“It does not follow, however, that because [audit associates] are the most junior members of the team, they fail to rely on an advanced knowledge of accountancy,” Lynch wrote. “Indeed, the facts presented by the plaintiffs indicate a role for audit associates that undermines the plaintiffs' trivializing characterization of their work.”
That audit associates' tasks “can be broken down into component parts” and that KPMG's junior accountants are given step-by-step instructions for performing their functions effectively “does not mean that in performing these tasks audit associates do not demonstrate the professional skepticism and trained intellect that is characteristic of professional accountants,” the court said.
The plaintiffs' “fundamental error is to confuse being an entry-level member of a profession with not being a professional at all,” the court said. “Audit associates are the most junior members of the team, and it is hardly surprising that they do not make high-level decisions central to KPMG's business.”
But unlike the FLSA's administrative and executive exemptions, “the learned profession exemption does not require that the professional reach conclusions that guide or alter the conduct of the business,” the court said.
“The critical question is whether the workers act in a manner that reflects knowledge and requires judgments characteristic of a worker practicing that particular profession,” the court said. “Here, by testing controls, performing inventory reviews, and ultimately replicating the audit process in each work paper, audit associates clearly did so by engaging with the audit process in a critical manner.”
That more senior employees closely supervise the audit associates also doesn't make them nonexempt under the FLSA, the court said.
“Such supervision ensures quality work for clients and provides training and feedback to the less experienced professionals, and does not relegate the junior professionals to the role or status of non-professional staff,” the court said. “Even by the plaintiffs' own description, supervision does not deprive audit associates of the need to assiduously and consistently apply the skepticism characteristic of the accounting profession.”
Labor Department regulations distinguish between employees who “perform similar job duties” to those of certified public accountants, who may qualify as learned professionals, and mere “accounting clerks, bookkeepers, and other employees who normally perform a great deal of routine work,” who generally won't qualify as professionals, the court said.
“We have little difficulty finding that audit associates fall within the former category,” the court said.
To fit within the exemption, the employees also must use advanced knowledge of accounting that is “customarily acquired by a prolonged course of specialized intellectual instruction,” the court said, citing 29 C.F.R. § 541.301(b).
The employees said that while the core accounting education audit associates receive before joining KPMG “might be helpful,” the skills needed to perform the job actually are learned through KPMG's initial training and on-the-job instruction.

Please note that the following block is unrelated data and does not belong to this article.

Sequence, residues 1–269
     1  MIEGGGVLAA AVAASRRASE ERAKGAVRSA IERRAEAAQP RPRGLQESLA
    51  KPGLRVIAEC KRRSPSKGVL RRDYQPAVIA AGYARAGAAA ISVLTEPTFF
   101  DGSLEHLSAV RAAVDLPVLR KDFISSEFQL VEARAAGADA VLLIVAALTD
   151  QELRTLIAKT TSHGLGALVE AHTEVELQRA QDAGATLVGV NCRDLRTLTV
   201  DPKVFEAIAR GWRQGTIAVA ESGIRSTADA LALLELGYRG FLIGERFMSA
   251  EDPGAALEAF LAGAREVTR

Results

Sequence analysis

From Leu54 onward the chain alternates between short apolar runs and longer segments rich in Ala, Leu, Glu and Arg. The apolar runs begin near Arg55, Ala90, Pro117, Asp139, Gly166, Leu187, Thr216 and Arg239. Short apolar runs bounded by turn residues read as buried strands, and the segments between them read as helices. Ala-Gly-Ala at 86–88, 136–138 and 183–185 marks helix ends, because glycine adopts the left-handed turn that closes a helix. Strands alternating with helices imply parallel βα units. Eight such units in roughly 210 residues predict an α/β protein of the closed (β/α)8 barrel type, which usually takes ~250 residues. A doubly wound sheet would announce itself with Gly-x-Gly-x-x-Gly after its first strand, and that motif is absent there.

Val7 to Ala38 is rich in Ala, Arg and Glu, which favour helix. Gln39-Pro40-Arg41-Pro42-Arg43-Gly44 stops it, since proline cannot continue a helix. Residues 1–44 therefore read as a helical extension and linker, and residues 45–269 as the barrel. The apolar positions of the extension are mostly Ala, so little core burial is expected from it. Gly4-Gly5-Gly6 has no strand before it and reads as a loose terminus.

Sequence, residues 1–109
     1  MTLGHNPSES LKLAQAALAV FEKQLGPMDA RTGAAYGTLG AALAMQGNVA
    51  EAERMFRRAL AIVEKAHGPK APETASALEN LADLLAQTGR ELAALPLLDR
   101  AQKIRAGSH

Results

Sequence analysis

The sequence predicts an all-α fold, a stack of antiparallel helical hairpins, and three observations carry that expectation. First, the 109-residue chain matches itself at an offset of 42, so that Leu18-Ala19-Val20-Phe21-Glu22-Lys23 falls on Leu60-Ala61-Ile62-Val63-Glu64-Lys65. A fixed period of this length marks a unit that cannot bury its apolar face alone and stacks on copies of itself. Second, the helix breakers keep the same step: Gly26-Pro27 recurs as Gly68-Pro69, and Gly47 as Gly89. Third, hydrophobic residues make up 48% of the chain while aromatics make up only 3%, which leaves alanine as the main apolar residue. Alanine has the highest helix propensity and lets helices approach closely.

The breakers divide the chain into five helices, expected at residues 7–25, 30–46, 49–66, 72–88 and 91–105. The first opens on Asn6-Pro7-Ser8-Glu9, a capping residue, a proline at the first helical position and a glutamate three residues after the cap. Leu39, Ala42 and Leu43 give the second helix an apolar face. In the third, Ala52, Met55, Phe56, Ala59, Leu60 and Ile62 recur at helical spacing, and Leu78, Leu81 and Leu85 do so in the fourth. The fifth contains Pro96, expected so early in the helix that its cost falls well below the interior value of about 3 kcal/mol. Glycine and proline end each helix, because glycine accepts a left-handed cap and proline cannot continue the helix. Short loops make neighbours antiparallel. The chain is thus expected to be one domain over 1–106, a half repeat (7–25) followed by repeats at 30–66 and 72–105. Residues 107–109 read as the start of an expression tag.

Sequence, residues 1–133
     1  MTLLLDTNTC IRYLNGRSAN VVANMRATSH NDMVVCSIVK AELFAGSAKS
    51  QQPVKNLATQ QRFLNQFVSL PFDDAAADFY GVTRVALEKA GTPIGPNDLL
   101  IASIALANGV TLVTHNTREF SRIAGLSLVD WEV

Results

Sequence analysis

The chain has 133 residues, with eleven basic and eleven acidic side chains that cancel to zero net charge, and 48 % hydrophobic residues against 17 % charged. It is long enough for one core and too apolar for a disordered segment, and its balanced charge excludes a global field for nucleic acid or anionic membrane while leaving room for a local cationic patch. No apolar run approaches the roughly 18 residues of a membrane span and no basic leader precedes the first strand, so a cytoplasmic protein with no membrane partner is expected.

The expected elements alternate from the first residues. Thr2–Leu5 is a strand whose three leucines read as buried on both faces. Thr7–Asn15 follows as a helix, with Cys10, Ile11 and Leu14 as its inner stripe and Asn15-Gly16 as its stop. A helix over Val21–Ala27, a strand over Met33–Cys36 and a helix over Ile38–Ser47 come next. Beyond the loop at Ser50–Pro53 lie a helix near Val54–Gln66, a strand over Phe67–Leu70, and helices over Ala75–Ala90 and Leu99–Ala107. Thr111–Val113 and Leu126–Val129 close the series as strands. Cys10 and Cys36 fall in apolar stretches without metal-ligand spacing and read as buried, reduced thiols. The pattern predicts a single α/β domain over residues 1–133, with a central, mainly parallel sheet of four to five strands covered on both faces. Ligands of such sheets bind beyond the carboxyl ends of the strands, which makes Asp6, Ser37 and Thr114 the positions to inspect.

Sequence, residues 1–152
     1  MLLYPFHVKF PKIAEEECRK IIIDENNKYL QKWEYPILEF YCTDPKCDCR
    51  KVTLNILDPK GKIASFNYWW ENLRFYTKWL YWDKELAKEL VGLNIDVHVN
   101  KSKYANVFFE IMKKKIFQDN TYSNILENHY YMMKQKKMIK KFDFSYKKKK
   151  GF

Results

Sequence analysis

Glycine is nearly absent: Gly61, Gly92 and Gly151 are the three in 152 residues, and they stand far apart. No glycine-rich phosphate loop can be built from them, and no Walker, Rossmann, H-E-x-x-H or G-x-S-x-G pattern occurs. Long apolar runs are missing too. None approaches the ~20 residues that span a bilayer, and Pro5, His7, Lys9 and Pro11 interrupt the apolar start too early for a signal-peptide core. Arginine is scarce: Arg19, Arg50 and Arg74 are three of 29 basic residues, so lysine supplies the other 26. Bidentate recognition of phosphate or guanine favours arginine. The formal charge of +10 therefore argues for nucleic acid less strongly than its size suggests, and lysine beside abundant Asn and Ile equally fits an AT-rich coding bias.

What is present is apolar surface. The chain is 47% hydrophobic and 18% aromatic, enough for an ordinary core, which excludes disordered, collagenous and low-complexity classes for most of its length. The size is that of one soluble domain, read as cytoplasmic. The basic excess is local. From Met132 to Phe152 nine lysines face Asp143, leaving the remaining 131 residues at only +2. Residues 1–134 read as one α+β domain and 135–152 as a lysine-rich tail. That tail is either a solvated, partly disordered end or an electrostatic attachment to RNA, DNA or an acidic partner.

The “treatment of the education requirement by other circuits--which we find persuasive--indicates that the requirement will usually be satisfied by a few years of relevant, specialized training, and suggests that a bachelor's degree in a germane field suffices,” the court said. “In contrast, the requirement will not be satisfied by generic, non-specialized educational requirements.”
The employees admitted KPMG requires audit associates to be eligible or nearly eligible to become licensed certified public accountants and that “the vast majority” of audit associates had accounting degrees and were eligible to take the CPA exam, the court said.
Of 1,096 audit associates who opted into the FLSA collective action, 82 percent have either graduate or undergraduate degrees in accounting and an additional 14 percent had degrees in related fields making them CPA-eligible, the court said. The remaining 4 percent of opt-in plaintiffs had a minor or certificate in accounting and of three opt-in plaintiffs who did not, one was already a licensed CPA, the court said.
“In light of their formidable educational qualifications, it is indisputable that the vast majority of audit associates received such an education, and we reject plaintiffs' argument that KPMG's willingness to hire 'even one audit associate who did not have an accounting degree' creates a material fact issue regarding whether audit associates 'required advanced accounting knowledge,' ” the court said.
“We thus conclude that the audit associates receive the training necessary to work as accountants through a prolonged course of specialized instruction, and thus satisfy the final element of the learned professional test,” the court said. “We need not determine the minimum amount of education necessary to satisfy this requirement; we hold only that KPMG audit associates clearly satisfied it.”
Justin M. Swartz, Rachel M. Bien and Deirdre A. Aaron of Outten & Golden in New York represented the employees. Carter G. Phillips, Michael C. Kelley, Jennifer A. Landau, Eric D. MacArthur and Eamon P. Joyce of Sidley Austin in Washington represented KPMG.
To contact the reporter on this story: Kevin McGowan in Washington at email@example.com
To contact the editor responsible for this story: Susan J. McGolrick at firstname.lastname@example.org
Text of the opinion is available at http://www.bloomberglaw.com/public/document/Pippins_v_KPMG_LLP_Docket_No_1300889_2d_Cir_Mar_12_2013_Court_Doc/1.
All Bloomberg BNA treatises are available on standing order, which ensures you will always receive the most current edition of the book or supplement of the title you have ordered from Bloomberg BNA’s book division. As soon as a new supplement or edition is published (usually annually) for a title you’ve previously purchased and requested to be placed on standing order, we’ll ship it to you to review for 30 days without any obligation. During this period, you can either (a) honor the invoice and receive a 5% discount (in addition to any other discounts you may qualify for) off the then-current price of the update, plus shipping and handling or (b) return the book(s), in which case, your invoice will be cancelled upon receipt of the book(s). Call us for a prepaid UPS label for your return. It’s as simple and easy as that. Most importantly, standing orders mean you will never have to worry about the timeliness of the information you’re relying on. And, you may discontinue standing orders at any time by contacting us at 1.800.960.1220 or by sending an email to email@example.com.
Put me on standing order at a 5% discount off list price of all future updates, in addition to any other discounts I may quality for. (Returnable within 30 days.)
Notify me when updates are available (No standing order will be created).